Hard to solve criminal cases dropped by stretched police
Police are ditching criminal investigations they believe they have little chance of solving due to the strain on force resources.
West Midlands Police chief constable Dave Thompson said the volume and complex nature of crimes dealt with by the force meant that ‘challenging discussions’ were taking place over which investigations are pursued.
He said crimes including theft from vehicles, criminal damage and public order offences may not get past the first stage of investigation.
Mr Thompson told the Express & Star: “We have to make difficult decisions over which crimes will result in us catching anybody.”
More stories from the Express & Star
Last year it emerged that the Metropolitan Police had curtailed investigations into shoplifting up to a certain value and criminal damage in a bid to save cash.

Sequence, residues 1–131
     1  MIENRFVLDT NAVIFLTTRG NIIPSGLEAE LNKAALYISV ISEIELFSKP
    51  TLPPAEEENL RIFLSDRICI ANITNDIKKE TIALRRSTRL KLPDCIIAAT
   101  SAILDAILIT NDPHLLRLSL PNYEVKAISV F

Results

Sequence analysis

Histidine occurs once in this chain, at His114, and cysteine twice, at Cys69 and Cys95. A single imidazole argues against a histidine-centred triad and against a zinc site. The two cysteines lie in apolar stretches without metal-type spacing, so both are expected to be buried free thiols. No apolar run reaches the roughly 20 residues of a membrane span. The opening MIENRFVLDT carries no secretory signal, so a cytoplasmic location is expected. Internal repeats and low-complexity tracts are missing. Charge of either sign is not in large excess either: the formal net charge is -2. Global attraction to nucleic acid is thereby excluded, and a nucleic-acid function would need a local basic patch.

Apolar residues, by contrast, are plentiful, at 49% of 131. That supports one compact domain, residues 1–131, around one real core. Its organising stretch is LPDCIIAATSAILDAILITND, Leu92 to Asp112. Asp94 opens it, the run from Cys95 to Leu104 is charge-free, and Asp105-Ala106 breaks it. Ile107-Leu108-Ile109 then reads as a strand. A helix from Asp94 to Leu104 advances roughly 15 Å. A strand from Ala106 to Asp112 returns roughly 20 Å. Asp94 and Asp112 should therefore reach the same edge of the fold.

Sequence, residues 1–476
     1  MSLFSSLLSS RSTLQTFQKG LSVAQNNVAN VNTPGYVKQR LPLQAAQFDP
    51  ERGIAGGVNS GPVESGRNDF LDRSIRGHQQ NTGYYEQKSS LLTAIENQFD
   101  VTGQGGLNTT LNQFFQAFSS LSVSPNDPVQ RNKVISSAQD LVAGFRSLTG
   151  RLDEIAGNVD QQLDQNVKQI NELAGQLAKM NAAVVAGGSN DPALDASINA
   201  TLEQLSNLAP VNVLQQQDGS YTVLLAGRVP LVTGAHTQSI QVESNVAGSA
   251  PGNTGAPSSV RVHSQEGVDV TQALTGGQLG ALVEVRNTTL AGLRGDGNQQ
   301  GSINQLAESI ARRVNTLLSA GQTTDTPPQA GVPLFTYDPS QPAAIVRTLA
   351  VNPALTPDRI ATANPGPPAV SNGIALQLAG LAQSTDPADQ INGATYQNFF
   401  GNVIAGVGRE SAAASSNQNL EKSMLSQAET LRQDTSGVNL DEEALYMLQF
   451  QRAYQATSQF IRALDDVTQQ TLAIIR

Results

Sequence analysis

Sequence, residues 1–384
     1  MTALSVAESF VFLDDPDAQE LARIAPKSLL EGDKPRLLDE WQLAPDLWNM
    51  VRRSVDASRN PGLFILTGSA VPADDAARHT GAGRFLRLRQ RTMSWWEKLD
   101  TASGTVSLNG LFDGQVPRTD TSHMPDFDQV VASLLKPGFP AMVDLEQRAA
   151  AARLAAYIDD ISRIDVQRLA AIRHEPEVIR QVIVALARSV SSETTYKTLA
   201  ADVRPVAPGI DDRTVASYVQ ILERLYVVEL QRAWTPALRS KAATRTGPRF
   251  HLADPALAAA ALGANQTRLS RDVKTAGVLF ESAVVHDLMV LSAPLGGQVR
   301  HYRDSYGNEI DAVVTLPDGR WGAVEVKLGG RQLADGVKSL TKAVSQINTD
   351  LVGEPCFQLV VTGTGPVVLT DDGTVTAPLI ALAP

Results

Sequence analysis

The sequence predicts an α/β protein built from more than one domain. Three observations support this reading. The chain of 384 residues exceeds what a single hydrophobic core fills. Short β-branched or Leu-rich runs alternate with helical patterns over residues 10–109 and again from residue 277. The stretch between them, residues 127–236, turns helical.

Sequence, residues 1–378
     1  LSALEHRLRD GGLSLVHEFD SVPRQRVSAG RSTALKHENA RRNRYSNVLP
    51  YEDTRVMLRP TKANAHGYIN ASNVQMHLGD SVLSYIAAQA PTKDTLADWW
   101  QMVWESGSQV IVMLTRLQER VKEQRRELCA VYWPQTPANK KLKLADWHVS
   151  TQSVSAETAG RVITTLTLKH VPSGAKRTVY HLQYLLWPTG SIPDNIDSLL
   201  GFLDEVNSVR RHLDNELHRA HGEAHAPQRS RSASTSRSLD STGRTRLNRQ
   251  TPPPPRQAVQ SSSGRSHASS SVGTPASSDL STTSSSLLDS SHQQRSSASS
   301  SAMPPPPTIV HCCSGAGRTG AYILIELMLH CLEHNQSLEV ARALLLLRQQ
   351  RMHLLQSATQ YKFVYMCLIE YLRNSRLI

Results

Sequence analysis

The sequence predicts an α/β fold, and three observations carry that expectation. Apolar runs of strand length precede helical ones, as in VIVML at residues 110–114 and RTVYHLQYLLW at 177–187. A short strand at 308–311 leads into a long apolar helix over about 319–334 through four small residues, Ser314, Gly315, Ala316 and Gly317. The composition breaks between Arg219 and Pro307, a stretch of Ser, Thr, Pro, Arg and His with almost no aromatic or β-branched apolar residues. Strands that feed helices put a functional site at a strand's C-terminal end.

Mr Thompson said that WMP would not be following a similar path. However, he said a squeeze on resources meant the force was having to look carefully at which crimes it investigates.
“Every crime that is reported to us will have an initial investigation to see if there is anything there,” he said.
“The decision we then have to make is does it move into secondary investigation because there is potential lines of inquiry.
“This is involving some challenging discussions. There is not a crime type we are saying we don’t investigate anymore, but actually we are having to make a decision which says, ‘is this likely to result in us catching anybody?’
"This is more likely to happen in the volume crime areas, thefts from vehicles, criminal damage, some of the public order cases.”
The number of police officers on the force has fallen from 8,626 to 6,758 over the last seven years.